- Department managers should raise awareness around what is and isn’t bullying, record and investigate complaints fairly, and look for informal solutions before escalating an issue to higher levels as appropriate. They should support positive culture-change programmes, lead by example, and seek help if they are not sure what action to take.
- Teachers must take reasonable care for their own health and safety, and for that of others by not harming others through what they do or don’t do. They must cooperate with reasonable policies and procedures concerning bullying. Additionally, they should report bullying when it happens, whether they are the victim or a bystander, and should let another teacher know if that person’s behaviour is not okay with them.
Failing to comply with duties
WorkSafe is the regulator that ensures compliance with health and safety regulations under section 189 of the Act. WorkSafe’s role in relation to bullying includes supporting harm prevention activity, as well as investigating the most serious claims – those that involve a diagnosis of serious mental harm.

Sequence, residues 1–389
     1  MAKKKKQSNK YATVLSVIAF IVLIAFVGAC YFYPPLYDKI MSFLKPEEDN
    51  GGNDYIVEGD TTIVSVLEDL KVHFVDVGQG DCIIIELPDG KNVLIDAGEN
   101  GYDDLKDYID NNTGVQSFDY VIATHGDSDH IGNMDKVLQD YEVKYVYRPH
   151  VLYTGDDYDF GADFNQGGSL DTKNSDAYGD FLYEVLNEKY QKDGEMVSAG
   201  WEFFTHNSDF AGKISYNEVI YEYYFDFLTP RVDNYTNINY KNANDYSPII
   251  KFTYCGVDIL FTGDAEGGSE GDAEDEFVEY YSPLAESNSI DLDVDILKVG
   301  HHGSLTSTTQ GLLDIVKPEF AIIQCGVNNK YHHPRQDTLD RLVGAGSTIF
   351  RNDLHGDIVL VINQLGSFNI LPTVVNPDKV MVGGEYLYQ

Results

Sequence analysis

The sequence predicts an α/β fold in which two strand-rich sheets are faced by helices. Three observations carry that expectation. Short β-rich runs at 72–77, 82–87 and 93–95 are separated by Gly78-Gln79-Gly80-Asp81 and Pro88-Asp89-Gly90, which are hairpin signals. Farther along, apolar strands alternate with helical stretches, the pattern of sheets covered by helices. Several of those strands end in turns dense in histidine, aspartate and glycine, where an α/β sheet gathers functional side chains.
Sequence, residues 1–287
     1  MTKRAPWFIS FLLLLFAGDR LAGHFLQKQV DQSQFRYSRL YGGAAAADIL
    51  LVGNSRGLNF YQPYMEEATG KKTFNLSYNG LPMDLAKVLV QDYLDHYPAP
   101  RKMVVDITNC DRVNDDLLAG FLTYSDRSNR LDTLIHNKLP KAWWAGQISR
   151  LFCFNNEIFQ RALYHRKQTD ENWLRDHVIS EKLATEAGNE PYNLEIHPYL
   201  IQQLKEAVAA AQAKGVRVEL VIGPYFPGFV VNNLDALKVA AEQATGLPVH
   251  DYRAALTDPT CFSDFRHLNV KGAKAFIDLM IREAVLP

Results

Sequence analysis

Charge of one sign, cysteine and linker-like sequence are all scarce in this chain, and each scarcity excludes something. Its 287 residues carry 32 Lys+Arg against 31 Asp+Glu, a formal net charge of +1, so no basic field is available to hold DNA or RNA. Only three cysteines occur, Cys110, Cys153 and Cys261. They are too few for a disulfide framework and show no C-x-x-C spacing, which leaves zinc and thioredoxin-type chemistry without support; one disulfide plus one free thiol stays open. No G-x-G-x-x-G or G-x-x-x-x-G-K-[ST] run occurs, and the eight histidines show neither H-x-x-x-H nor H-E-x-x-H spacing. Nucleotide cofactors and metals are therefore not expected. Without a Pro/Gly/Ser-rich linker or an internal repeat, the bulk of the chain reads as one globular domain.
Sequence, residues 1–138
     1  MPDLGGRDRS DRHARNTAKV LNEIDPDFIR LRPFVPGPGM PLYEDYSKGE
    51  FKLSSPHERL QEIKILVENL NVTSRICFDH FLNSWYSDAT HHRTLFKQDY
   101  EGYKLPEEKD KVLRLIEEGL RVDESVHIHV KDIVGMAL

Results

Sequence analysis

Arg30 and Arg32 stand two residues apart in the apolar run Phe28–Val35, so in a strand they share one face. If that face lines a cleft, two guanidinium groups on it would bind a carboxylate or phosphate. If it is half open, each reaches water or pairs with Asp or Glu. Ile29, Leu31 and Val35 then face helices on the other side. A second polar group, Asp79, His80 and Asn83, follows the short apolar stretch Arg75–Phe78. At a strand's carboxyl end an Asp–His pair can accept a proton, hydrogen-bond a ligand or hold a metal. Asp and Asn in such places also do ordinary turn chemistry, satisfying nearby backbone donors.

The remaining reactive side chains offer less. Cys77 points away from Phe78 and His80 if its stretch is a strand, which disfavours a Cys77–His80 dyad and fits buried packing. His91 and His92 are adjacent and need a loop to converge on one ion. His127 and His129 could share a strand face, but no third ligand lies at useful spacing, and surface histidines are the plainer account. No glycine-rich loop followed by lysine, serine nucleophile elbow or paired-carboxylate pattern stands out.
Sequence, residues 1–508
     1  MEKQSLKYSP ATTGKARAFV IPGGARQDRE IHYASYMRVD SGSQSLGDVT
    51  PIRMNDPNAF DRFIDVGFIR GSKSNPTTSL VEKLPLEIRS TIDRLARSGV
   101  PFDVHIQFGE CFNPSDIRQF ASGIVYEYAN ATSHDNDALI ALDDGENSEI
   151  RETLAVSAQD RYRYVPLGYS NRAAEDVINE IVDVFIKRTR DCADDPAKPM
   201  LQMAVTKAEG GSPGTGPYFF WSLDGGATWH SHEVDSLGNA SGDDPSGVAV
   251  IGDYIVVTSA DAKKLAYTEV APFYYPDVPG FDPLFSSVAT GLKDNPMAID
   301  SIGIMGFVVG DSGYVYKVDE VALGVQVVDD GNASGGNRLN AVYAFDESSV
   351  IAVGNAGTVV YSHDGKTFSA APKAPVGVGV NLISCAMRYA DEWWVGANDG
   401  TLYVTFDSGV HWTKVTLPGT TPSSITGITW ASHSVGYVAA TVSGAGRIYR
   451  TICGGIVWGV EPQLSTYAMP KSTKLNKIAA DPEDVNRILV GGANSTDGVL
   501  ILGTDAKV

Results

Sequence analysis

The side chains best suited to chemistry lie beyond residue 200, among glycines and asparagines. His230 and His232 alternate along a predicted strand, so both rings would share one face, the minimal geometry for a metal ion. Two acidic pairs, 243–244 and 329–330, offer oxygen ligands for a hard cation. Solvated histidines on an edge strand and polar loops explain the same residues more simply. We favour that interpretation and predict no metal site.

In a case of workplace bullying within a school, WorkSafe would have the option to prosecute, although no prosecutions have been made on any bullying matter to date. For WorkSafe to bring a prosecution, the relevant offence under the Act must be proven beyond reasonable doubt, and there must be a public interest in the prosecution occurring. Individuals may also bring private prosecutions for health and safety breaches, including suffering workplace bullying and harassment, if given leave to do so by the court.